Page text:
While coal exports are not accounted for in domestic reporting of greenhouse gas emissions, Canada is in essence exporting greenhouse gas emissions to other countries like China, Japan and India. Canada also still uses coal to generate a portion of its electricity, but Ontario has already phased out coal use, and Alberta has committed to phasing out coal-fired electricity generation by 2030.
A major issue is the proposed expansion of coal export facilities on Canada's Pacific coast, which would export thermal coal from Wyoming's Powder Basin, creating both local pollution issues as well as the global implications of increased greenhouse gas emissions.
Image credit: Ben Powless on Flickr.
DeSmog Canada's latest news coverage on environmental issues in Canada
By Laura Bouchard for CANADALAND.
A few weeks ago, Bruce Anderson, a popular pundit and pollster, wrote an opinion piece criticizing the NDP’s Leap Manifesto as a clumsy political misstep. Canadians, Anderson argues, would never go for bold action addressing climate change. We’re a mild people. A simple people. He wrote:
“Canadians want 'pro-growth environmentalism.' They want to tap entrepreneurship, innovation, technology, science, capital and yes, capitalism, to help create ideas that marry our desire to put food on the table, money away for our kids’ education, and some sense of security about how we’re going to live in retirement.”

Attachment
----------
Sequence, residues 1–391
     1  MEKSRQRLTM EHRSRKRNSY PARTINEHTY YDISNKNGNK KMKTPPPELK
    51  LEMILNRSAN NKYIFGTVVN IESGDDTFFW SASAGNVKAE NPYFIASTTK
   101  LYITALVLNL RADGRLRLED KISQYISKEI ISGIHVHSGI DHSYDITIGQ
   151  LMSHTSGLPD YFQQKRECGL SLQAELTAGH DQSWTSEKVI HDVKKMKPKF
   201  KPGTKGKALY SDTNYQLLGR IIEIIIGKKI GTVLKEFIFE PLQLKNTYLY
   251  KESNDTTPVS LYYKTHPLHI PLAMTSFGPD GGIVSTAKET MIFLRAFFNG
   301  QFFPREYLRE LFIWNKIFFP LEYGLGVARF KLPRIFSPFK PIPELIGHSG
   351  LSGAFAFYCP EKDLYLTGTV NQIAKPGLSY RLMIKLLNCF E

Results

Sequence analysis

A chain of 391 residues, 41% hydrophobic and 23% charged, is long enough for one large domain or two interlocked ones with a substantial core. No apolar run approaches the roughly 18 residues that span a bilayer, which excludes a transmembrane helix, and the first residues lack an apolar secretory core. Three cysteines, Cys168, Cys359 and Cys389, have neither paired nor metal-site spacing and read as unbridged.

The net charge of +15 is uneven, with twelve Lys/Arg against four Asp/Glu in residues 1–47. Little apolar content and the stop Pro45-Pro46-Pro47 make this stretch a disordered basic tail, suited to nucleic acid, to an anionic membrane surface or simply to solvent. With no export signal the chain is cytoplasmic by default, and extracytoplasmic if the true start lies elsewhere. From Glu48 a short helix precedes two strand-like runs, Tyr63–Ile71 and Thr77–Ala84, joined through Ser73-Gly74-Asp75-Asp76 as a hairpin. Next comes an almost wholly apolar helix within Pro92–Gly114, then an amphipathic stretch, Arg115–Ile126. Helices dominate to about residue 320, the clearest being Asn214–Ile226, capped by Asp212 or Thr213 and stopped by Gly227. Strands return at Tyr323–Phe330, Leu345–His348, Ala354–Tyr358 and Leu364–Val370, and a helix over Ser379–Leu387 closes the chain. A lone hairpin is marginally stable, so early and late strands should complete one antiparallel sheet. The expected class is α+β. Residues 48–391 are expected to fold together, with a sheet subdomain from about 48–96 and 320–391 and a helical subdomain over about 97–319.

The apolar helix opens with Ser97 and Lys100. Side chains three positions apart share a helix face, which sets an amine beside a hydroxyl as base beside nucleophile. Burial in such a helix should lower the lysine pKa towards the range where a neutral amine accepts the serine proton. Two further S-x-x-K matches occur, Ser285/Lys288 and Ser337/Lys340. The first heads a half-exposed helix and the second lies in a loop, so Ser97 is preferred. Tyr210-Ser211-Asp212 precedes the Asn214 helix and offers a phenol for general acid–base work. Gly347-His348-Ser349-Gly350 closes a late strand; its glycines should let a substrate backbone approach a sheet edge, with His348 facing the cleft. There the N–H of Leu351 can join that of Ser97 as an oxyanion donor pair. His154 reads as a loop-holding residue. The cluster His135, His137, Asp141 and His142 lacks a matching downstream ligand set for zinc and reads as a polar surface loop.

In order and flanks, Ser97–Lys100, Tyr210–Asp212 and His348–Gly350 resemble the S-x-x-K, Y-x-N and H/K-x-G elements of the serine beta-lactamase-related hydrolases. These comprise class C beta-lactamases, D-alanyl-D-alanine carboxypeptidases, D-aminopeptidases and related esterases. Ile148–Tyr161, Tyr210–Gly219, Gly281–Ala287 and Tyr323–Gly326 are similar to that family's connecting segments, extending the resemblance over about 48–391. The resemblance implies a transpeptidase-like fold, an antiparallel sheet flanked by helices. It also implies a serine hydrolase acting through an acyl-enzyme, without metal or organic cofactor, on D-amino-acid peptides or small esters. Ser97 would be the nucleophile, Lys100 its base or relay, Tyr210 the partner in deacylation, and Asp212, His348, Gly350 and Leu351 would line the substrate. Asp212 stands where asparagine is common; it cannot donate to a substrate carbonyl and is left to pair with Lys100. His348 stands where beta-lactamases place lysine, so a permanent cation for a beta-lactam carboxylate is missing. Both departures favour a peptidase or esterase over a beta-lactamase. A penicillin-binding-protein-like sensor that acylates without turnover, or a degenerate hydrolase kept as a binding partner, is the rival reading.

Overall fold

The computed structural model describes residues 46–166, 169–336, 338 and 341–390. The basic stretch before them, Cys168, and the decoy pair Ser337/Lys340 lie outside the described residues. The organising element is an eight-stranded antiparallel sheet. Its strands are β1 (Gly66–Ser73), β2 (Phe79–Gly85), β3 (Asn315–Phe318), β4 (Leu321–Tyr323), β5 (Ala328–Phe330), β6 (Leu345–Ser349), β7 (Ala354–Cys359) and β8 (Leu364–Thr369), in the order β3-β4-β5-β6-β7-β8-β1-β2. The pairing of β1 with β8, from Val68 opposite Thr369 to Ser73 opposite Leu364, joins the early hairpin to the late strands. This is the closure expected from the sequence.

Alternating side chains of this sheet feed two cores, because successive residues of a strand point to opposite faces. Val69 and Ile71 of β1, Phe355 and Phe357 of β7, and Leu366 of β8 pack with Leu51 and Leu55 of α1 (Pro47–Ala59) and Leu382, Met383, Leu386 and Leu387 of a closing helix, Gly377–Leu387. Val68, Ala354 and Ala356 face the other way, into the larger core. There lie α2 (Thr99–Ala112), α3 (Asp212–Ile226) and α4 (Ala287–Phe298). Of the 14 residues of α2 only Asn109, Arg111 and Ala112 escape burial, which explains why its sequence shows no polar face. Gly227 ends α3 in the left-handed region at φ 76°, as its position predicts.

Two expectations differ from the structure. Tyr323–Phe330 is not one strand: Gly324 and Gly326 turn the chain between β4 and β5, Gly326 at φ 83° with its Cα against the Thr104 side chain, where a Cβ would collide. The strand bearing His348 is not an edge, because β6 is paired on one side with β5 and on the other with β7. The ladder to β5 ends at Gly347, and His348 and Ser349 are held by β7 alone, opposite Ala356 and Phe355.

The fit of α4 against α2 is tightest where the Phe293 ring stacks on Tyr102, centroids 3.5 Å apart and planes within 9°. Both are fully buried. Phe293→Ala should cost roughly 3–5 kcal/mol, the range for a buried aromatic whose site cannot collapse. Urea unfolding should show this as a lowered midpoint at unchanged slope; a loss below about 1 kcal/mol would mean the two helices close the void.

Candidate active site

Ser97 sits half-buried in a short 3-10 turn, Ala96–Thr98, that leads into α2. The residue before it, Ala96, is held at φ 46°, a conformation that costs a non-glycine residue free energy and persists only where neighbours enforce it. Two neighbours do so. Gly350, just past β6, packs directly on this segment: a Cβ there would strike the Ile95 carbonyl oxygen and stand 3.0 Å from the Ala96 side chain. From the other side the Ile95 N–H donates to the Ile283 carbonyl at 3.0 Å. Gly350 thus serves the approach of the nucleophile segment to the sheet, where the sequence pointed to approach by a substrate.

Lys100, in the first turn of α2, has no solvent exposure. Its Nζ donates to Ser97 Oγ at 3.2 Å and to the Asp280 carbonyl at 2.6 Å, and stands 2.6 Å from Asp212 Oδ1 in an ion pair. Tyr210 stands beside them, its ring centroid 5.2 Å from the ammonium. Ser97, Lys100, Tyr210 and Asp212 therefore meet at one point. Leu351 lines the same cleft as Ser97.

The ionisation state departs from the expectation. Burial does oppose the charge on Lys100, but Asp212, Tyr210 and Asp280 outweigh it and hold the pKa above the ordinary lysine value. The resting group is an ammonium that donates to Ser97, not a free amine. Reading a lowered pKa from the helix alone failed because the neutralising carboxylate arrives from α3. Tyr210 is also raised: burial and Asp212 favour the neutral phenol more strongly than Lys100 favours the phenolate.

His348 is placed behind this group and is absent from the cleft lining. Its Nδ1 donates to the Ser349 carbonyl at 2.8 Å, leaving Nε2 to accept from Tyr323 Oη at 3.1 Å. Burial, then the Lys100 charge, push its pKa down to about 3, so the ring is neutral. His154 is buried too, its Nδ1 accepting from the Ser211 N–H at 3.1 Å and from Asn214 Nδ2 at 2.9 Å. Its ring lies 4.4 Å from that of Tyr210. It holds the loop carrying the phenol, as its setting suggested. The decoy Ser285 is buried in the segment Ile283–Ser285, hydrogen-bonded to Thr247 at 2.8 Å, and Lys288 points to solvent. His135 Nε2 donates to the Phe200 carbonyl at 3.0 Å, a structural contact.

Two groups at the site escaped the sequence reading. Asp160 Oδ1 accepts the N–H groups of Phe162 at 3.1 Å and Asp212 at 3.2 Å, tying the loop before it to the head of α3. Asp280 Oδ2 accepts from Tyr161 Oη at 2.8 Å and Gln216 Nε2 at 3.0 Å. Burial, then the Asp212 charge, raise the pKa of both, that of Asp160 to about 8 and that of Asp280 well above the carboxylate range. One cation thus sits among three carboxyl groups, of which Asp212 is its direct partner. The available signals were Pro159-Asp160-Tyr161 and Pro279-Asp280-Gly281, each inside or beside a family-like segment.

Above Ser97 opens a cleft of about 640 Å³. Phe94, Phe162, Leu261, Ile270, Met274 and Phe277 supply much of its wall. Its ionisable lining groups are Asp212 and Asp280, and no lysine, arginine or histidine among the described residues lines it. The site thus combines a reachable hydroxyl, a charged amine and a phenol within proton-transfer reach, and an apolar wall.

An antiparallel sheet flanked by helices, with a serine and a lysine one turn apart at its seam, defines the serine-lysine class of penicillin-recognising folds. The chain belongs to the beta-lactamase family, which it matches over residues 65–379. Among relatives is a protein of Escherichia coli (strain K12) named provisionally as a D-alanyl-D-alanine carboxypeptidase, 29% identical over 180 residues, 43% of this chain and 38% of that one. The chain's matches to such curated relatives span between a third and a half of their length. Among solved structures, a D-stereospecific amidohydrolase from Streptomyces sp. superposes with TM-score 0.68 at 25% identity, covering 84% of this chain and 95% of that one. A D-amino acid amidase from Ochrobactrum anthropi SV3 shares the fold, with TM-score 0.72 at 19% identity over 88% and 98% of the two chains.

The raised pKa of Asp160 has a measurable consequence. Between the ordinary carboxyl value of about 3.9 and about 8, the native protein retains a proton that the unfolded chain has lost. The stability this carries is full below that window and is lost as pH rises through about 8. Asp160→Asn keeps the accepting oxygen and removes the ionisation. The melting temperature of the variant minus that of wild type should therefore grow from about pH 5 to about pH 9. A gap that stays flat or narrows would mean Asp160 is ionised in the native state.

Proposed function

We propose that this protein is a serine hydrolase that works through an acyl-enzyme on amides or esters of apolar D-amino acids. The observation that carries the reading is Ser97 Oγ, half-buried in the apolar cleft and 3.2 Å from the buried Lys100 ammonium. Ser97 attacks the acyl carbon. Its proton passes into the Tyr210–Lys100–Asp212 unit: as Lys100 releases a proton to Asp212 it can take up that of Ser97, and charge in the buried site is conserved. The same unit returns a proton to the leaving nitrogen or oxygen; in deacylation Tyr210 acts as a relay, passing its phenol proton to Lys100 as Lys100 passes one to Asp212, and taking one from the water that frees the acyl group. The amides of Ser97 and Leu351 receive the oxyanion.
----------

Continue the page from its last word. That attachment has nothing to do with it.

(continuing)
This last sentence caught my eye. If you read it closely, you’ll notice two lists. First are the feel-goodisms the oil industry likes to drape itself in: innovation, science, entrepreneurship; second are the actual anxieties of average Canadians. Rather artfully Anderson has fused the interests of everyday Canadians with the rhetoric of the oil patch; perfectly aligned and indistinguishable.
The B.C. Ministry of Forests, Lands and Natural Resource Operations (FLNRO) granted BC Hydro several exemptions from the B.C. Wildlife Act to keep Site C dam construction from falling behind expected timelines, DeSmog Canada has learned.
The exemptions have some local First Nations and legal experts concerned Premier Christy Clark’s promise to “push the project past the point of no return” is occurring at the cost of B.C.’s own permitting rules and wildlife management.
“BC Hydro has gone rogue,” Chief Roland Willson of the West Moberly First Nation told DeSmog Canada. “Worse yet, the province is aware of the situation and chooses to look the other way. What’s the point of having a regulator if it refuses to regulate?”